An example of this lack of strategy can be seen in the case of Syria. Turkiye views the government of Bashar al-Assad as illegitimate and has occupied northern Syria and conducted four military operations there without the approval of Damascus.
However, Turkiye was able to export $2.11 billion to Syria in 2021, while Iran, which has supported the Syrian government during the 11-year conflict, does not export more than $300 million to Syria – seven times less than Turkiye.
In the case of the Balkans, the hindrance of Iranian exports has been evident in its own delayed implementation of its Air Service Agreement with Serbia, for instance. The Iranian parliament approved the agreement in 2022, four years after its initial drafting, while the Serbian parliament approved it back in 2020.
Foreign pressures are also a significant challenge for Iran’s business dealings. Despite Serbia agreeing to visa-free entry for Iranians in October 2017, this decision was cancelled just a year later, under pressure from the EU.
The scrapping of the visa-free policy makes it difficult for Iranian businessmen to freely enter Serbia, hindering trade between the two countries. Until Iran can address its financial and banking issues, it cannot hope to increase trade with the Balkan countries.
Iran’s financial and banking challenges, including US sanctions on its economy, restrictions on currency entry, sanctions on its Central Bank, and the the disconnection of Iranian banks from the global financial system, make trade with Balkan states a risky business proposition.
Soft power and transnational networks
Religion plays a fundamental and influential role in Balkan societies, where populations view themselves as more religious than in other parts of Europe. In a 2018 survey of people, the most religious countries in the Balkans were determined to be the following:
Macedonia with 88 percent, then Kosovo at 83 percent, Romania at 77 percent, and Serbia, Croatia, Montenegro, and Greece all with 70-72 percent of their population. After that is BiH at 65 percent, Bulgaria at 52 percent, and Albania, where only 39 percent admitted a prominent role of religion in their lives.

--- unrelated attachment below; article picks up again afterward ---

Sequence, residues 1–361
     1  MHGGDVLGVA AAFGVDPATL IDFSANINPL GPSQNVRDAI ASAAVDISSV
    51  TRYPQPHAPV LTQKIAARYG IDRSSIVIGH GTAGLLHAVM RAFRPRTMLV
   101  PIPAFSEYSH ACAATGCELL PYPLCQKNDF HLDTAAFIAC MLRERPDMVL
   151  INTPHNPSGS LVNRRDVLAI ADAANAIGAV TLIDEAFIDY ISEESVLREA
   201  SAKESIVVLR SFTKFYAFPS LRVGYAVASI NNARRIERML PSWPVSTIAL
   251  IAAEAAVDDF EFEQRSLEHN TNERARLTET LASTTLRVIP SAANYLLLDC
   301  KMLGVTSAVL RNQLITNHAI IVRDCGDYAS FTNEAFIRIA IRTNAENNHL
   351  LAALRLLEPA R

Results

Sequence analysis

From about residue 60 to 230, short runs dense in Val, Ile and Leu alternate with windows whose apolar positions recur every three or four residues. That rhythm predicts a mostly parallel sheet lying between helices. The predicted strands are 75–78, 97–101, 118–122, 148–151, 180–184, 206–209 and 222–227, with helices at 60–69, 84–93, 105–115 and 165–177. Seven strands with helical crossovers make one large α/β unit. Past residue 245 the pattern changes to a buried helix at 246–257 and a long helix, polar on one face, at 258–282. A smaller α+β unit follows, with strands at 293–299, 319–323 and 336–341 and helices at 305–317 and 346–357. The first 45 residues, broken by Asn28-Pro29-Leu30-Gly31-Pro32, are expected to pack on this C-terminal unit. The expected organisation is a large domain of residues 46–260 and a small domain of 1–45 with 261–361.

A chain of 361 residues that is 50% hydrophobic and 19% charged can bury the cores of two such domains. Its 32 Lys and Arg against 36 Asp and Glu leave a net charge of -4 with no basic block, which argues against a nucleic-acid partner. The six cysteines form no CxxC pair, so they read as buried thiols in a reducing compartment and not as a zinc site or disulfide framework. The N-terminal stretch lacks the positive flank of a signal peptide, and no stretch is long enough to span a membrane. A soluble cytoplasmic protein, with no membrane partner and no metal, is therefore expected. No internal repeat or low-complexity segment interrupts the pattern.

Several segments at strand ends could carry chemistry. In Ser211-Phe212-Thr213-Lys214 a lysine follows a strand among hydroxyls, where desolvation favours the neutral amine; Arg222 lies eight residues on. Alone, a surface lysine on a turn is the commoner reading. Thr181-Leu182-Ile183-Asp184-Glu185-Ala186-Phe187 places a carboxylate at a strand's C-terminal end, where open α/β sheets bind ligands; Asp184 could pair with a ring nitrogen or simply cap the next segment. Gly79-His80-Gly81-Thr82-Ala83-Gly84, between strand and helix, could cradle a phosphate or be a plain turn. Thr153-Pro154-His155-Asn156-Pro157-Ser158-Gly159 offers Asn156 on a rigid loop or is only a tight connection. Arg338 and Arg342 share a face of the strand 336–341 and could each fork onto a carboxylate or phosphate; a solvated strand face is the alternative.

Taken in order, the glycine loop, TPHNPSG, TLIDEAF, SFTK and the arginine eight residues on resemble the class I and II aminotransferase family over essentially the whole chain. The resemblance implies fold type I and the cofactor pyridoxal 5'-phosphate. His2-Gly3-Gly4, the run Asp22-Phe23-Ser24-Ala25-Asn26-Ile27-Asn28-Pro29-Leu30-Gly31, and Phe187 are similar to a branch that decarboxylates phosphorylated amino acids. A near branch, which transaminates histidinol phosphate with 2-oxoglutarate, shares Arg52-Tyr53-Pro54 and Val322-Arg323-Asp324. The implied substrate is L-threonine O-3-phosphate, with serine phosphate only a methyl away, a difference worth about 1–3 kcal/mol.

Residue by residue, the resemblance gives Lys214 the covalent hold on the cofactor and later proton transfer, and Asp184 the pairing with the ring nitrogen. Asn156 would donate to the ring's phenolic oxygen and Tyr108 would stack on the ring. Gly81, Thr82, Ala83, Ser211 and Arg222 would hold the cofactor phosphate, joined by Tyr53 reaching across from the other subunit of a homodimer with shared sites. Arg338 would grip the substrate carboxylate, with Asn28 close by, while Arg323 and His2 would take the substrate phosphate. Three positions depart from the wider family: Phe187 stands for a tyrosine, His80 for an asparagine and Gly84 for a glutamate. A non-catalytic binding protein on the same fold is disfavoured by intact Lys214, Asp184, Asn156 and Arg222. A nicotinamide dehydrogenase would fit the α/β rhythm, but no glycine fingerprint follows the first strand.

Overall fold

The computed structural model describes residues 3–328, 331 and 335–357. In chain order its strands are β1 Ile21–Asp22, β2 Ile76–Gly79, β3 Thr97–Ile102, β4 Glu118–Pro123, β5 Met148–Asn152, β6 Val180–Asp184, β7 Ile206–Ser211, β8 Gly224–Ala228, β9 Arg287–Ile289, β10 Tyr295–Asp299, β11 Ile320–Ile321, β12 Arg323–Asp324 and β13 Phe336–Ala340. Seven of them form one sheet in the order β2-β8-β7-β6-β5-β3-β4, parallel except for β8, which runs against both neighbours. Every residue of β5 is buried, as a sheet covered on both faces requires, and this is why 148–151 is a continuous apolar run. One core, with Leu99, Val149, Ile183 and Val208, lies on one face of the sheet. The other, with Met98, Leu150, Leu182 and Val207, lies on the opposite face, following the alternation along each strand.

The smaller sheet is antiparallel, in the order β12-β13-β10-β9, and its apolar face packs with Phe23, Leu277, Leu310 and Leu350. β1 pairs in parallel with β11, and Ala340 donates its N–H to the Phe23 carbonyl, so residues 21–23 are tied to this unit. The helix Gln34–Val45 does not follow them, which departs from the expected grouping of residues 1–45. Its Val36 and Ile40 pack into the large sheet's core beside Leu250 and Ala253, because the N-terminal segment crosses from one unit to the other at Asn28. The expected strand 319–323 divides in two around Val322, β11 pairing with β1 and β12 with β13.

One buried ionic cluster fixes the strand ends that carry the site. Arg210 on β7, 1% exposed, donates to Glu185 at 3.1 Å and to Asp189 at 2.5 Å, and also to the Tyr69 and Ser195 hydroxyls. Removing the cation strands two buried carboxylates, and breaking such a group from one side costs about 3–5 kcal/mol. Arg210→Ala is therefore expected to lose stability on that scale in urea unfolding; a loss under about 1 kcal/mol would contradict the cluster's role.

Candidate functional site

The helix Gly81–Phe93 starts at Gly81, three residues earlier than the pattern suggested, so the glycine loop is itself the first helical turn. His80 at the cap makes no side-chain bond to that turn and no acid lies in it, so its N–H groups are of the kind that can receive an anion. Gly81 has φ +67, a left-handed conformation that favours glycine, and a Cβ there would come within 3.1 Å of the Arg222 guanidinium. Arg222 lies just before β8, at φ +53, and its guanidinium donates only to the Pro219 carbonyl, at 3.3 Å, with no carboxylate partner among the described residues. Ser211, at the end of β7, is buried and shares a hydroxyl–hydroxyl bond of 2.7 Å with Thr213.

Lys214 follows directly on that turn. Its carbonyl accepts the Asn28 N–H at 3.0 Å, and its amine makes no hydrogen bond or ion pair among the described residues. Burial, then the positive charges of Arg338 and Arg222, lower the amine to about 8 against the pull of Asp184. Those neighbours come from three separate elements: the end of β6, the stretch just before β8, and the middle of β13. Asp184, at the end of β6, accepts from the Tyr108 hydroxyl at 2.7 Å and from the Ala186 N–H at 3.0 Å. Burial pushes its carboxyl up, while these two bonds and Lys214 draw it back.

As a foundational ideology, Shia Islam is very important for the Islamic Republic of Iran. In fact, the two elements of “religion” and “ideology” have formed the basis of the legitimacy of the Islamic Revolution of 1979. This is evident in the 11th article of the constitution, which emphasizes the importance of religion in Iranian society.
Iran hopes to exert its cultural-religious influence into political influence in the Balkans. Given its limitations, it achieves this objective by using soft power through transnational networks and civil societies in the region. Currently, Iran is pursuing its goals in the following three ways:
First, by exerting its cultural influence through religious and cultural institutions and foundations that cater to Muslim communities, such as heterodox communities including the Bekhtasis and Alevis (Kizilbash).
One of the most influential of these is the Ibn Sina Institute, established in Sarajevo, BiH in 1996. This institution’s goal is to compile and translate Islamic and academic books and has established many connections with the Faculty of Islamic Studies at the University of Sarajevo.
Through cultural activities, the institution aims to spread the official discourse of the Islamic Republic in the Balkan region and internationally on political developments in West Asia.
Second, Tehran seeks to promote its culture through cultural aid and festivals. Iran has set up different websites in local Balkan languages to disseminate information about Iranian culture and art. Bosnian Radio, for instance, belongs to Iran’s state broadcaster, Balkan Sahar TV, which helps instruction in the Persian language.
Iran also provides financial aid to institutions such as the OAK private language training institute in BiH and holds festivals for Iranian films, such as the Iranian Cinema Week, which is funded by the Iranian Ministry of Culture in Sofia, Bulgaria.